Higher Education Law Report
NLRB Regional Director Finds College Football Players Qualify as Employees and Can Unionize - March 2014
March 26, 2014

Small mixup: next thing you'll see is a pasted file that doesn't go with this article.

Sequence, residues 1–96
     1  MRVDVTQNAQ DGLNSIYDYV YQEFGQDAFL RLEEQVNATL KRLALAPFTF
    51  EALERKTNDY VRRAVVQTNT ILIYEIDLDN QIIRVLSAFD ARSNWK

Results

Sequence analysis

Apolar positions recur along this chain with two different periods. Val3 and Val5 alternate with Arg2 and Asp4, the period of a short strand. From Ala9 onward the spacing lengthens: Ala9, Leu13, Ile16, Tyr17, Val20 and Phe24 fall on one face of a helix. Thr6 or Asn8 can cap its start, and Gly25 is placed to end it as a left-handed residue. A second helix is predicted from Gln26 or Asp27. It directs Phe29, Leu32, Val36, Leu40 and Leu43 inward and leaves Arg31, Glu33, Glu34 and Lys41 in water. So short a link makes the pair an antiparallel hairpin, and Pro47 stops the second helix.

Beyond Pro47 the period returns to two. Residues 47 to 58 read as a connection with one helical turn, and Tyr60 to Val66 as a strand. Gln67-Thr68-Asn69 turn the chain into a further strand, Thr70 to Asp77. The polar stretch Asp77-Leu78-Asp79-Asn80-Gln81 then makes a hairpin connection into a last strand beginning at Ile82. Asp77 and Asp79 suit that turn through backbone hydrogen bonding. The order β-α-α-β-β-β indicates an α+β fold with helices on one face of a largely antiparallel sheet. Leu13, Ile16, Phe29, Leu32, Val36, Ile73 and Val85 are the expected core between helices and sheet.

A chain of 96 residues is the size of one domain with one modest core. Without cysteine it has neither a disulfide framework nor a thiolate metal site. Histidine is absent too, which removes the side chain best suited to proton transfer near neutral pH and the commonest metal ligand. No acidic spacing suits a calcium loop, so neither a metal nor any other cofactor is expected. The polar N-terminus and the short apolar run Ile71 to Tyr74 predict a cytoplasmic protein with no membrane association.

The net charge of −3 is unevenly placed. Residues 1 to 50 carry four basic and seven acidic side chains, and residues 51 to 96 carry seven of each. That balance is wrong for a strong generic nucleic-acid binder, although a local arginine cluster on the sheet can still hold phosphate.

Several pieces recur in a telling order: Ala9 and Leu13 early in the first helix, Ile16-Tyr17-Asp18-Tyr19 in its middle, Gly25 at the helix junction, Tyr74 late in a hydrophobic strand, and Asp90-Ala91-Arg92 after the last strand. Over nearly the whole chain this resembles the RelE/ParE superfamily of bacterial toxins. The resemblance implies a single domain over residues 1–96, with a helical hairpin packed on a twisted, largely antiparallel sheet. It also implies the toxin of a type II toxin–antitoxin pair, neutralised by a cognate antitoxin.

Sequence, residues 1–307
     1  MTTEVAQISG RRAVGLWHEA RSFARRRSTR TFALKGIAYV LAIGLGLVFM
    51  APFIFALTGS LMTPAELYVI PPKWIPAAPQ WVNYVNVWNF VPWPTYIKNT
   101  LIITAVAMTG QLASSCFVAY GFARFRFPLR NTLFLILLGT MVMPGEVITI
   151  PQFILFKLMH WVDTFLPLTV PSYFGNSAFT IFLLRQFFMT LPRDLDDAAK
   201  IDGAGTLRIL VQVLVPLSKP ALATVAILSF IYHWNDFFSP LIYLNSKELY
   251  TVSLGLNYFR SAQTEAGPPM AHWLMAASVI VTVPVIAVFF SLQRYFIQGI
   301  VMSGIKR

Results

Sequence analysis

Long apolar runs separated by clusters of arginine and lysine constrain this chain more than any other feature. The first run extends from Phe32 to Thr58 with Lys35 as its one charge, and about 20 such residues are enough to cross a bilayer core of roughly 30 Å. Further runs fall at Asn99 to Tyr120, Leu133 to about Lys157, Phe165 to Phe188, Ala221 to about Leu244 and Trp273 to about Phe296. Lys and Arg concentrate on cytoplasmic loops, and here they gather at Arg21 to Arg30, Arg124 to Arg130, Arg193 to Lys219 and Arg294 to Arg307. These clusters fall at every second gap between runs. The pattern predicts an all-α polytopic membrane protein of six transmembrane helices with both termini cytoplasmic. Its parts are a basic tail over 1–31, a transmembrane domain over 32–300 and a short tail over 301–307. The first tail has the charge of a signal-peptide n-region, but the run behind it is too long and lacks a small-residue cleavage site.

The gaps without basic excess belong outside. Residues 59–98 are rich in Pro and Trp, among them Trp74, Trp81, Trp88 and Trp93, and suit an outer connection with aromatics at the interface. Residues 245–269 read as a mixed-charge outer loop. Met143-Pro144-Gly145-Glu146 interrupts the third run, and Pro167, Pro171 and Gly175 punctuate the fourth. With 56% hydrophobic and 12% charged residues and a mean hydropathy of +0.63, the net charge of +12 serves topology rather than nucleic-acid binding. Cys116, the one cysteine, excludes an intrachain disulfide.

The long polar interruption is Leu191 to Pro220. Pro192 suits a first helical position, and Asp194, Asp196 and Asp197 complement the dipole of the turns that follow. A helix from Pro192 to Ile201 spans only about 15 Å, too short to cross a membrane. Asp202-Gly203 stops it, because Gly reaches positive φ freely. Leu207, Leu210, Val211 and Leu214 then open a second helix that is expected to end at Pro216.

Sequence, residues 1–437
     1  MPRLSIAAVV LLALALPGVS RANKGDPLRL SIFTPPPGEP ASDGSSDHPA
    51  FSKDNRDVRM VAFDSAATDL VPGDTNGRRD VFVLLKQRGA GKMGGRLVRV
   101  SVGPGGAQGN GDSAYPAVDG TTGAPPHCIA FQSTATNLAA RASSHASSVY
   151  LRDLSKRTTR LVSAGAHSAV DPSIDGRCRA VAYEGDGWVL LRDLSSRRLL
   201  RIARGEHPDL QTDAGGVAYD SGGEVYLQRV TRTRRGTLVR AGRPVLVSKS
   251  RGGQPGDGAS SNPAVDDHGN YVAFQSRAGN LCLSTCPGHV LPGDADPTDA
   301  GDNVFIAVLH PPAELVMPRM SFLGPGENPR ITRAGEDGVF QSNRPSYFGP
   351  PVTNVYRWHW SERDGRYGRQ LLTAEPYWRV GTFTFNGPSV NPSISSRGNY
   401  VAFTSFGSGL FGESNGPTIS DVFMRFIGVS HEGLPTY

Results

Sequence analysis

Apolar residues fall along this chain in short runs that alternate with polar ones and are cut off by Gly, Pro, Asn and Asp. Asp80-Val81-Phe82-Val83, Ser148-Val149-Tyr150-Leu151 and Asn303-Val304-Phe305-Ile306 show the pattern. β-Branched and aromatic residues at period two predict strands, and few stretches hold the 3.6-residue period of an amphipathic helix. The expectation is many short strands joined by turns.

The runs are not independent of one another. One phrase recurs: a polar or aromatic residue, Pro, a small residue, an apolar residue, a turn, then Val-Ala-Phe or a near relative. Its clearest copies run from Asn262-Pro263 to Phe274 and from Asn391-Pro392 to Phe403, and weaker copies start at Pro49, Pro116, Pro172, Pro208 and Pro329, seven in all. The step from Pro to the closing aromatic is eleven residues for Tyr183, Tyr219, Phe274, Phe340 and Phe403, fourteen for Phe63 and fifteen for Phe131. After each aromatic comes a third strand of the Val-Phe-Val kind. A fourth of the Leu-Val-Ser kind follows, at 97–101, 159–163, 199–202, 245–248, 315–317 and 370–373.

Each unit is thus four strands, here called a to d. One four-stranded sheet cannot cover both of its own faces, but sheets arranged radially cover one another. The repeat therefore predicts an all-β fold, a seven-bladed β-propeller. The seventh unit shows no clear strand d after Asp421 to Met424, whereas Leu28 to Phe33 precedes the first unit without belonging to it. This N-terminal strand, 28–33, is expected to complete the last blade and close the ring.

In a stunning and potential landmark decision, a Regional Director of the National Labor Relations Board has found that football players receiving grant-in-aid scholarships from Northwestern University (the University) are “employees” under the National Labor Relations Act. In his decision released Wednesday afternoon, the Regional Director determined that “players receiving scholarships to perform football-related services for [the University] under a contract for hire in return for compensation are subject to [the University]’s control and are therefore employees within the meaning of the Act.” Accordingly, the Regional Director ordered that an election be conducted among all football players receiving grant-in-aid scholarships who have not exhausted their playing eligibility for the University. In support of his decision, the Regional Director found that the players receive compensation for the athletic services they perform in the form of scholarships, which pay for the players’ tuition, fees, room, board, and books and can total as much as $76,000 per calendar year for up to five years. Furthermore, the Regional Director found that the players are under the strict control of the University throughout the year. The coaches determine the location, duration, and manner in which the players carry out their football-related activities; they monitor the players’ adherence to NCAA and team rules; and they control “nearly every aspect of the players’ private lives,” including their living arrangements, applications for outside employment, off-campus travel, social media posts, and communications with the media. In contrast, the Regional Director held that “walk-ons do not meet the definition of ‘employee’ for the fundamental reason that they do not receive compensation for the athletic services that they perform.” The University has confirmed that it plans to appeal the decision to the full National Labor Relations Board in Washington, D.C. If upheld, the decision has the potential to dramatically alter the world of big-time athletics in higher education as it would open the door for scholarship athletes at all private universities to unionize. Indeed, the decision could have implications for scholarship students in a number of areas beyond athletics. The Union, College Athletes Players Association (CAPA), which has the financial backing of the United Steelworkers, is seeking, among other demands, financial coverage for former players with sports-related medical expenses and the creation of an educational trust fund to help former players graduate.